The Hulu Original Little Fires Everywhere is a series based on Celeste Ng’s novel of the same name. Starring Kerry Washington and Reese Witherspoon, the series explores race, motherhood, and interpersonal relationships in the late ’90s. Hulu releases one episode a week, so it isn’t something you can binge-watch over a weekend. However, I watched the first four episodes with my husband and it quickly became a show that we hate to love.
What attracted us originally, was that it takes place in Shaker Heights, OH. As a current Ohio resident, Shaker Heights was one of the areas I always said we would move to if our stay became permanent. The houses are huge, beautiful, and filled with character. Shaker has a quaint suburban atmosphere but it is minutes away from the heart of Cleveland. Elena Richardson, played by Reese, a part-time journalist with a lawyer husband and four teenage children, is the epitome of privilege. By stark contrast, Mia Warren, Kerry Washington’s character, is an artist who wanders the country in search of inspiration with her also teenage daughter, Pearl. Elena and Mia’s paths cross innocently enough at first. Unfortunately, their lives begin to intertwine and quickly start to cause the self-destruction of both families. While Little Fires Everywhere is extremely entertaining, there is one thing I take issue with as a viewer. The character development needs improvement. SPOILER ALERT!
The character development of this show bothers me. I have not read the book, so I am not sure if the racial aspect is adapted from what is written or if it is a means to make the content relatable in these times. However, what I can say is the way Mia and Pearl are characterized leaves a lot to be desired. They are very much written through the White gaze. Nothing seems to be logical about Mia. She is a liar, she is sneaky, and she is developed as mean and malicious toward Elena almost immediately after the two meet.
Mia seems to want to do any and everything in her power to knock Elena down a notch after only knowing her for a couple of weeks. The secondary storyline of Mia’s night job coworker, BeBe, suffering depression after leaving her baby at a fire station only to discover said baby is currently living with Elena’s friends who are in the process of adopting it, is confusing at best. Mia realizes the baby is BeBe’s biologically and now feels inclined to sell a $30,000 piece of art to help her. Why? When at the start of the show they were living in a car and even skipped out on buying jelly so that Pearl could have a magazine.
Pearl seems to lack any street smarts, despite living as a vagabond her entire life. She has the naivete of someone that has lived in privilege. There are very few Black mothers that do not teach their children to have some skepticism about the encounters they have with White people. Yet Pearl instantly becomes completely immersed in the Richardson household. Even when the Richardsons display blatant prejudice with stereotyping in her presence, she largely ignores and even defends it. It is unclear if these details are intentional but it comes off as someone that is not Black attempting to build Black characters without consulting any Black women.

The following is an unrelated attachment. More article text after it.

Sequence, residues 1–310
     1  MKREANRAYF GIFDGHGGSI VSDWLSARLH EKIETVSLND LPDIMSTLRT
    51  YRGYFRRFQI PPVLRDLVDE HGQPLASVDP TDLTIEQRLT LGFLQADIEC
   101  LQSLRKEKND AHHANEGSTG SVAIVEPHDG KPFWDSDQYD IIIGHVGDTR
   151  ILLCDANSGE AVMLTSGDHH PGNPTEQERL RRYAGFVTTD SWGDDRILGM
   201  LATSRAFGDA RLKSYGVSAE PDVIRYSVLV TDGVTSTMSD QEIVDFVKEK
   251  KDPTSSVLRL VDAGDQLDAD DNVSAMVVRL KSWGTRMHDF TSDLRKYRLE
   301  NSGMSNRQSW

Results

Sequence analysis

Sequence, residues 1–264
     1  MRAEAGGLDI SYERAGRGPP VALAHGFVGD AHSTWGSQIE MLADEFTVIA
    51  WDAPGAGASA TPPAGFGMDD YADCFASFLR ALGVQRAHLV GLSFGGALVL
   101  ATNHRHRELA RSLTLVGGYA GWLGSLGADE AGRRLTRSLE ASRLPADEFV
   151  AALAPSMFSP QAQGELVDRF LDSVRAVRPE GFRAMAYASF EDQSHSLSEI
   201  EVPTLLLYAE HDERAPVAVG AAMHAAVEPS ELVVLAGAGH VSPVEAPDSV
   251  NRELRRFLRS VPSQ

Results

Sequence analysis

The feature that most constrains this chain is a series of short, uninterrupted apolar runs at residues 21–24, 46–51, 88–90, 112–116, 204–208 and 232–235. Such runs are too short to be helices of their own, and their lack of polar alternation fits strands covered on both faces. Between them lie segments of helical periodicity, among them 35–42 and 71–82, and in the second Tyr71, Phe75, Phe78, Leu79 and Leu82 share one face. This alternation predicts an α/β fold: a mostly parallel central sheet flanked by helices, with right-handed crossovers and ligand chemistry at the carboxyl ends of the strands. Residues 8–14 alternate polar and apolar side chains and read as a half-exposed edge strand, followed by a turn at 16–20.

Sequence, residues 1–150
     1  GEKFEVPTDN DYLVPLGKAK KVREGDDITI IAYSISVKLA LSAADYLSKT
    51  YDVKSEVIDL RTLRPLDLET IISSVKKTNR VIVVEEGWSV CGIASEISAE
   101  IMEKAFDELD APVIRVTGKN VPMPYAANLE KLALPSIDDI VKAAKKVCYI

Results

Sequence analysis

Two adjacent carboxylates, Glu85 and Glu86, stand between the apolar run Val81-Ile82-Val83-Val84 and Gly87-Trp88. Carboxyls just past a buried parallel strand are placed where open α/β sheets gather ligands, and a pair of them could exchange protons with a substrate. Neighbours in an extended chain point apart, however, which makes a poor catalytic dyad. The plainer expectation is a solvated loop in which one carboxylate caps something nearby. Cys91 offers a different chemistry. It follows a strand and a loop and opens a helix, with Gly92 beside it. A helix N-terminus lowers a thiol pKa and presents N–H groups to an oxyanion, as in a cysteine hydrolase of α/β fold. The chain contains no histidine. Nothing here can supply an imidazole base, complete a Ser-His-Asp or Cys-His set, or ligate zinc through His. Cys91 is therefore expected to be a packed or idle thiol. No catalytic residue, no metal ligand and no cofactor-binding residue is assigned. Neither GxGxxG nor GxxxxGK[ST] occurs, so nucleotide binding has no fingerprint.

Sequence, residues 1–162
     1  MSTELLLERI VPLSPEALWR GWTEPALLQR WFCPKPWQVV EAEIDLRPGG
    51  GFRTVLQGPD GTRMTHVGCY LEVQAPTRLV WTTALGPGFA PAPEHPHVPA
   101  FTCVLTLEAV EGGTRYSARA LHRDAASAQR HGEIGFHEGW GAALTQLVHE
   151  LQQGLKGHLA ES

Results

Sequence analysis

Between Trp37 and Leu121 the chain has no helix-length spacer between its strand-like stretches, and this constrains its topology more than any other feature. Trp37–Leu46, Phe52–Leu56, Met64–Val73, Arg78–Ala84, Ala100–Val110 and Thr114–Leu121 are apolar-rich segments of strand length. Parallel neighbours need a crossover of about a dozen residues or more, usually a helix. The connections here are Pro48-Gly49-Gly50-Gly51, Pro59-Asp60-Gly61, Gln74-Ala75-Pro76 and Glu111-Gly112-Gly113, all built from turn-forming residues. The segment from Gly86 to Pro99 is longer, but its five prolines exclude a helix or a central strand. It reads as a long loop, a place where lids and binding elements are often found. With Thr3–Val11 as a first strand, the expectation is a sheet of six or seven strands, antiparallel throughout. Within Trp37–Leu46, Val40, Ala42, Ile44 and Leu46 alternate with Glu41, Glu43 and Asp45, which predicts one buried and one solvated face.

In comparison, the way that Elena and her children, with the exception of Izzy, are developed is very different. Elena is constantly displayed as a hero. She was doing the right thing by allowing Mia to move into the duplex she was renting at a reduced rate. She offered Mia a job as a housekeeper because she assumed Mia needed extra money. Throughout the series, it becomes obvious that Elena does not even believe Mia is an “actual” artist. The conversations around their dinner table go from microaggression to full out racist almost instantly. Even in those moments, which I am assuming (possibly more for my own sake as an attempt to get through the series) to be satirical, it is always met with the catch that Elena is trying to do the right thing. As if it was simply the 90’s and White people did not know any better back then. It was a different time.
She is protecting her friends, family, and even Pearl from the angry and toxic Mia. Elena gets the benefit of the doubt where Mia does not. Izzy is the rebellious daughter that does not hesitate to call her family out on their crap. She is the black sheep of the family that is grappling with fitting in because of her sexuality. Izzy is barely noticed by her family, this causes her to get in her own way. Which seems realistic for a young girl trying to figure out who she is. She gravitates toward Mia because they are both artists and also due to their shared distaste for Elena. Izzy is the only character to actually have some sense in this series which is surprising as she is just a high school freshman.
In conclusion, Little Fires Everywhere is one of the most addictive, problematic shows to watch right now. Even with some flaws, it is still a great story. If you take nothing else from it, enjoy the 90’s soundtrack. I highly recommend it if you are looking for something to watch during this era of social distancing. If there is one character type Reese Witherspoon plays excellently, it is the annoying, uptight White woman. Especially when you consider how laid back her actual persona seems to be. Kerry Washington also does a great job as Mia. The casting truly is phenomenal. I cannot wait to see how this story unfolds further. Hopefully, we get to see more of Mia’s past to build more context to the story. The way that both Pearl and Izzy are drawn to the lifestyle that is most different from their own can result in a multitude of endings.